Instead of the usual Sunday leg, which provided a paper-thin slice for everyone, she’d chosen a big packet of stewing mutton, enough to give everyone a hearty helping of Blanquette d’Agneau, the secret recipe of Master Chef Pierre Alexandre of the Pavillion in Paris. He favoured the use of bouquet garni, a stock of white wine and garlic and a final sauce made with lemon zest, double cream and egg yolks. He also served Gratin da Citrouilleto his discerning patrons, which Mavis had been pleased to find was basically pumpkin mashed with rice and cream, topped with grated Gruyere cheese and baked to a brown and aromatic perfection. This, served with those French potato cakes, which everyone seemed to enjoy, would be enough.
She was stumped for a pudding.
Nothing on the walls of her room looked like a dessert. Blood Pudding had sounded promising but one look at the ingredients told her the French people had a strange idea of sweet things, and she’d had to settle for her usual stewed apple and baked custard. But as she beat the eggs for the custard, Mavis tossed in a carton of double cream and sprinkled an inspired mixture of cinnamon and nutmeg over the top before closing the oven door.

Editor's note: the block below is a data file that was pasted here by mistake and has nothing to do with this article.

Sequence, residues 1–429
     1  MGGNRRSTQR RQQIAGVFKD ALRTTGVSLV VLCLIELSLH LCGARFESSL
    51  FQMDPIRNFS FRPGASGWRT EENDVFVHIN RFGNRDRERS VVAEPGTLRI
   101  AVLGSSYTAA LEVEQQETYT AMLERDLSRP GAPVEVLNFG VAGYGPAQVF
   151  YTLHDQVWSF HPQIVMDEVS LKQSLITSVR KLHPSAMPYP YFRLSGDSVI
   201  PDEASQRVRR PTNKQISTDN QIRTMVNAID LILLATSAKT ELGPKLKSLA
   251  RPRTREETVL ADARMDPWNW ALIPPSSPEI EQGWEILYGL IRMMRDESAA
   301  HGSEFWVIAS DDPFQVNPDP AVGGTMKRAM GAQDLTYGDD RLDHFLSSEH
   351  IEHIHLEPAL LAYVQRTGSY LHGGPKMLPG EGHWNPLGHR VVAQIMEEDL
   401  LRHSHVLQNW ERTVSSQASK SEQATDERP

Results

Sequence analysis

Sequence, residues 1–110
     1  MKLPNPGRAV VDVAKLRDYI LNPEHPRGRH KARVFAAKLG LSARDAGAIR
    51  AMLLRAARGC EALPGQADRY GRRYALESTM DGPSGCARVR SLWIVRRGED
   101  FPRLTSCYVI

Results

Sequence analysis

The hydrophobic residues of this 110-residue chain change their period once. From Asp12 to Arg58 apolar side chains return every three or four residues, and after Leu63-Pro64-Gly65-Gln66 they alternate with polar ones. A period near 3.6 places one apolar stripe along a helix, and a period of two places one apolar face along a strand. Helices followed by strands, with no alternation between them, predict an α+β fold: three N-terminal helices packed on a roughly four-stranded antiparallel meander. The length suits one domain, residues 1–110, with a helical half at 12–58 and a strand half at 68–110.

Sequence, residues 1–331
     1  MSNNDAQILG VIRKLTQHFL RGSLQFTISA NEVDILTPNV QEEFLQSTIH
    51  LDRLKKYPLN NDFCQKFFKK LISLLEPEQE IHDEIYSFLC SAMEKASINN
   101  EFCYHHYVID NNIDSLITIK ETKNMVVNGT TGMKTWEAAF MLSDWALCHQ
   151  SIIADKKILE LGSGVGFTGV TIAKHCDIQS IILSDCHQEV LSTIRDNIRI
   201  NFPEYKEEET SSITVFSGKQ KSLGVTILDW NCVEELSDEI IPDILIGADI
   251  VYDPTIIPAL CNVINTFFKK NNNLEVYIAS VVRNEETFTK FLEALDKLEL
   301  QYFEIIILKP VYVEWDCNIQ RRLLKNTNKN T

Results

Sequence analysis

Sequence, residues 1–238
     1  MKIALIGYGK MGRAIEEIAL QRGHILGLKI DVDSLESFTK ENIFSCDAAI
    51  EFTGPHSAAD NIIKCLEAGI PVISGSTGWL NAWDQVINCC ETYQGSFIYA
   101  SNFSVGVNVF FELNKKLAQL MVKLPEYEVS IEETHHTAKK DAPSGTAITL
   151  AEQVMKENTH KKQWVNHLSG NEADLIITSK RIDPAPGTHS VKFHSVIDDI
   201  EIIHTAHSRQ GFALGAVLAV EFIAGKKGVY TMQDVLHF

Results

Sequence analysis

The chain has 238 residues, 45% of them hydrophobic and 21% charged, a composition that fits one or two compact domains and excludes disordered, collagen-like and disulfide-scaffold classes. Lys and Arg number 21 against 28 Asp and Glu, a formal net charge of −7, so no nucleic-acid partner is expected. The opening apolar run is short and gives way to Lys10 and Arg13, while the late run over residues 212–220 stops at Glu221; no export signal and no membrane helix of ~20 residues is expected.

Helen sat at the corner table with her mother, making polite conversation with their companions, Mrs Pieters and Miss Barnes, while they waited to be served. Lunch certainly smelled promising, and they caught tantalising whiffs of garlic and herbs coming from the kitchen.
Smells all right, thought Helen. Even so, she wasn’t prepared for the rich tomato soup placed in front of her, the crisp croutons of bread coated in olive oil bobbing on top between delicious strands of Parmesan cheese.